Right bevel or left bevel for carving axe?
#10
  
Hey, I have been using a modified hatchet for carving and I'm interest in the Gransfors Bruks Swedish Carving Axe possibly for Christmas. I am very confused about the left and right levels. I plan to use the axe with my right hand while holding the wood with my left. The GB website recommends the flat side out and the large bevel inside toward the wood. The videos that I have watched online seem to use this axe with the flat side facing toward the wood. Can somebody help me out here. I'm having a hard time getting a straight answer. Thx!
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#11
  Re: Right bevel or left bevel for carving axe? by Elijah A. (Hey, I have been usi...)
I've used a side hatchet only a little, mainly for reducing stock dimensions, like knocking 3/4" off the width of a board.  For those uses, I find having the flat side face the wood works better for me.
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#12
  Re: Right bevel or left bevel for carving axe? by Elijah A. (Hey, I have been usi...)
Here ya go. Play the video contained in the blog. The flat side goes next to your work. The bevel on the outside. So, if holding the hatchet in your right hand and the wood is on your left, the bevel is on the right side of the hatchet.

Gransfors Bruks large carving axe is beveled on BOTH sides, but the "ground left side" means the left side of the hatchet is the flatter side. The larger bevel is on the right side, or outside if held right handed and the wood is left of the hatchet.

https://pfollansbee.wordpress.com/2012/1...n-hatchet/
Still Learning,

Allan Hill
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#13
  Re: Right bevel or left bevel for carving axe? by Elijah A. (Hey, I have been usi...)
That's exactly what I was thinking. I am just confused because this is what the site says. Maybe I am misunderstanding the terminology...

"Single Bevel Carving Axes
Single bevel carving axes are designed for experienced axe carvers. Gränsfors Bruk initially offered them as special order tools at the request of some professional carvers.

The left-bevel carving axe has a long bevel ground on the left side of the cutting edge when looking at the axe from behind. The right side of the cutting edge has a short bevel, but is basically flat.

The right-bevel carving axe has a long bevel ground on the right side of the cutting edge when looking at the axe from behind. The left side of the cutting edge has a short bevel, but is basically flat.

So, which one should I get? Selection of a single bevel carving axe is really about personal preference. In general, carvers who work left-handed will prefer a right-bevel carving axe and carvers who work right-handed will prefer a left-bevel carving axe. "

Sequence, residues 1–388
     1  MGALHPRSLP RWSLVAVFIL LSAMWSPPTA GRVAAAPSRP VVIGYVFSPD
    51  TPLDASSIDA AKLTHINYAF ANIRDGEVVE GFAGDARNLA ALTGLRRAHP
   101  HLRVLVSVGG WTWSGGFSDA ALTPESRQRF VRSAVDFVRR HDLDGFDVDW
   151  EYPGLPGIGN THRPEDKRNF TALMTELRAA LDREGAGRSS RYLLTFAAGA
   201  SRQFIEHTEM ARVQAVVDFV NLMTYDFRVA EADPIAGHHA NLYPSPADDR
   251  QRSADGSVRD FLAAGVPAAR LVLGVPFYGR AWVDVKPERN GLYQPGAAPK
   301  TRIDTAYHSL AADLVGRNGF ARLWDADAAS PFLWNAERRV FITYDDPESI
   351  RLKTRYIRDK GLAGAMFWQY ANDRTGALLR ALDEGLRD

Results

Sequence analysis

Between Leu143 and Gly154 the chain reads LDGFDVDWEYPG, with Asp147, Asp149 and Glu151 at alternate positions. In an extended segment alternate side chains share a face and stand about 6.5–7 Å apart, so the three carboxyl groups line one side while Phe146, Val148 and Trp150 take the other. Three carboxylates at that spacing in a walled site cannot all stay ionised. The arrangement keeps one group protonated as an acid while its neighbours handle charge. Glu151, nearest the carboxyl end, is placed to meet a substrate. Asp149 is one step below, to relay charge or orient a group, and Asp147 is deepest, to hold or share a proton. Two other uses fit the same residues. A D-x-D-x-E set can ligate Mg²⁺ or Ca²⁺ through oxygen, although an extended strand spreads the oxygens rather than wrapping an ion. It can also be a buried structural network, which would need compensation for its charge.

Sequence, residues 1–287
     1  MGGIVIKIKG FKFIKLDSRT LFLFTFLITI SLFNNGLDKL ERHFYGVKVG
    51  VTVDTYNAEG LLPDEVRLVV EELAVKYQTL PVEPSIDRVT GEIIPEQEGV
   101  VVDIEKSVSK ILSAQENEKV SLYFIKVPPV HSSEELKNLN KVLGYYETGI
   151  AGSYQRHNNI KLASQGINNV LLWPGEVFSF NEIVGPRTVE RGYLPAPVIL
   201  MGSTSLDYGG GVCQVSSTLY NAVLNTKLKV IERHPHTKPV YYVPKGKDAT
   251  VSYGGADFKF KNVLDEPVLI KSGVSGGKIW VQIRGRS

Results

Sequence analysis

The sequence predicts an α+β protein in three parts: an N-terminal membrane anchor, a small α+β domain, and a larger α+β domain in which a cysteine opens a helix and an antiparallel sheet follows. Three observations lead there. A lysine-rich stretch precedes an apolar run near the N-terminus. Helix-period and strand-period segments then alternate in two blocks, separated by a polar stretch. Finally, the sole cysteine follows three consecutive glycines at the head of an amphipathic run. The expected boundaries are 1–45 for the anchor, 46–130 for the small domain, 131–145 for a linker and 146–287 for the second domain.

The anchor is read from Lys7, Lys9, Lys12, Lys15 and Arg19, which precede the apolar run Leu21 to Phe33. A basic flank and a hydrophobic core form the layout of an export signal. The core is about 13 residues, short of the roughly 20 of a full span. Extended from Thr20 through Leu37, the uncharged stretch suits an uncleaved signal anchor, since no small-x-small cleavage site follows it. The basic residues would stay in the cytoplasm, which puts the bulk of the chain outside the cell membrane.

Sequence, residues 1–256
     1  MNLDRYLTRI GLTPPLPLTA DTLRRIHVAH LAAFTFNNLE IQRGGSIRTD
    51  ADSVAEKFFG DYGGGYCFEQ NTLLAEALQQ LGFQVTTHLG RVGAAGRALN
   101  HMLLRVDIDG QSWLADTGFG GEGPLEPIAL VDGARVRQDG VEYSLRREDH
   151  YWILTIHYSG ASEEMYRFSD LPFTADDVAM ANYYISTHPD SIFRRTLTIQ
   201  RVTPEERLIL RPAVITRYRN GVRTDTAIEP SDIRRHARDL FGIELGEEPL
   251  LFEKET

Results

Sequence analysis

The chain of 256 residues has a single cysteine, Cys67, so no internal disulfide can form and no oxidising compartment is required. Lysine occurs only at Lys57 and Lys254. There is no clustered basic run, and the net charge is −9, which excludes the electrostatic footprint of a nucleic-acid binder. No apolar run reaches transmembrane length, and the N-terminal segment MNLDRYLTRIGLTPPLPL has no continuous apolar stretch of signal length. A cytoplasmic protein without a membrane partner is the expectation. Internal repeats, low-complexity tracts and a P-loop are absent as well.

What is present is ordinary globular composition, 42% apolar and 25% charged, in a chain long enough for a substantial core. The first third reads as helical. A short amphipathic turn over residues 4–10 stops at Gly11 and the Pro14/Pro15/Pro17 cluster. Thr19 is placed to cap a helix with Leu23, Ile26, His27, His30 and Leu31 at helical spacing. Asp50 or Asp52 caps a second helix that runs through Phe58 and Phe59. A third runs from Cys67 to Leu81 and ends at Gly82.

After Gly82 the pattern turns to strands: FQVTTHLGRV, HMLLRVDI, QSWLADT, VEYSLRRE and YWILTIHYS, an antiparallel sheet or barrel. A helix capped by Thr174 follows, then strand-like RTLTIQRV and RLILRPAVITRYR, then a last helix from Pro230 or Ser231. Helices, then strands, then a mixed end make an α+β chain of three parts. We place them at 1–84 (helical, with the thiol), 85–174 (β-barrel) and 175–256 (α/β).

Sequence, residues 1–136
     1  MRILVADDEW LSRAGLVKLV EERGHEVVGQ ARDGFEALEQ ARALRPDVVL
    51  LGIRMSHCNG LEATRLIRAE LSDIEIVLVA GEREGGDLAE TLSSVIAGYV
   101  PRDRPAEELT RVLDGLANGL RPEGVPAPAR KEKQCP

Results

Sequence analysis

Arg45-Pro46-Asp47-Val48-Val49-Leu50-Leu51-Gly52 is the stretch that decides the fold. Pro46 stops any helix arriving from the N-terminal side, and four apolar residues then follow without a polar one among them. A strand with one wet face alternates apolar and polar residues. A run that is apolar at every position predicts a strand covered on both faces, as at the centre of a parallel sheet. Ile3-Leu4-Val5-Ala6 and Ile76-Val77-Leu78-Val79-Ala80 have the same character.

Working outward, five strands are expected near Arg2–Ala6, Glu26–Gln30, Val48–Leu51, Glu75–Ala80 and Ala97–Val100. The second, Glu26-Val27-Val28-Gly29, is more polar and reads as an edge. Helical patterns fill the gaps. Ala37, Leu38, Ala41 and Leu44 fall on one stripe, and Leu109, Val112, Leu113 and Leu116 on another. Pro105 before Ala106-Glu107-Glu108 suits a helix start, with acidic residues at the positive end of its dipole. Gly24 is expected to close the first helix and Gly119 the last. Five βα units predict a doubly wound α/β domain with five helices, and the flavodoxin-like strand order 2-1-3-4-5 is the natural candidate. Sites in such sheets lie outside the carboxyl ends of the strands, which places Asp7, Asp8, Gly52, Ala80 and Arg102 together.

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#14
  Re: Right bevel or left bevel for carving axe? by Elijah A. (Hey, I have been usi...)
If you are right handed, get the right bevel carving axe.
Still Learning,

Allan Hill
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#15
  Re: Right bevel or left bevel for carving axe? by Elijah A. (Hey, I have been usi...)
That is confusing indeed, and conflicts with my experience.  But, again, it may be a matter of technique - mine different from the technique Gransfors recommends.

Really, of course, in the ideal world, you need both...
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#16
  Re: Right bevel or left bevel for carving axe? by Elijah A. (Hey, I have been usi...)
Elijah, Im not real familiar with hewing hatchets, but hewing axes were fitted with an upswept handle that could be removed and put in the other end making the axe either right or left handed. The axe eye was not tapered like a regular axe would be. At least the examples I have are that way.
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#17
  Re: Right bevel or left bevel for carving axe? by Elijah A. (Hey, I have been usi...)
If you carefully read what Gransfors is saying about their axes, it's really the conventional way a carving hatchet is made or used. What's confusing is the "long" and "short" bevel. The short bevel is on the flat side of the axe.
Still Learning,

Allan Hill
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#18
  Re: Right bevel or left bevel for carving axe? by Elijah A. (Hey, I have been usi...)
I don't understand the sense of using what amounts to a broad hatchet for carving. Broad hatchets are for hewing, which is essentially a flattening operation. I think a double beveled hatchet would provide more flexibility for carving. But I guess it depends on what you are carving. If you are boat building, I could see how a small, curved broad hatchet could be useful. If you are doing random carving, bowl making, etc etc, I'd want (I use) a thin double beveled hatchet.
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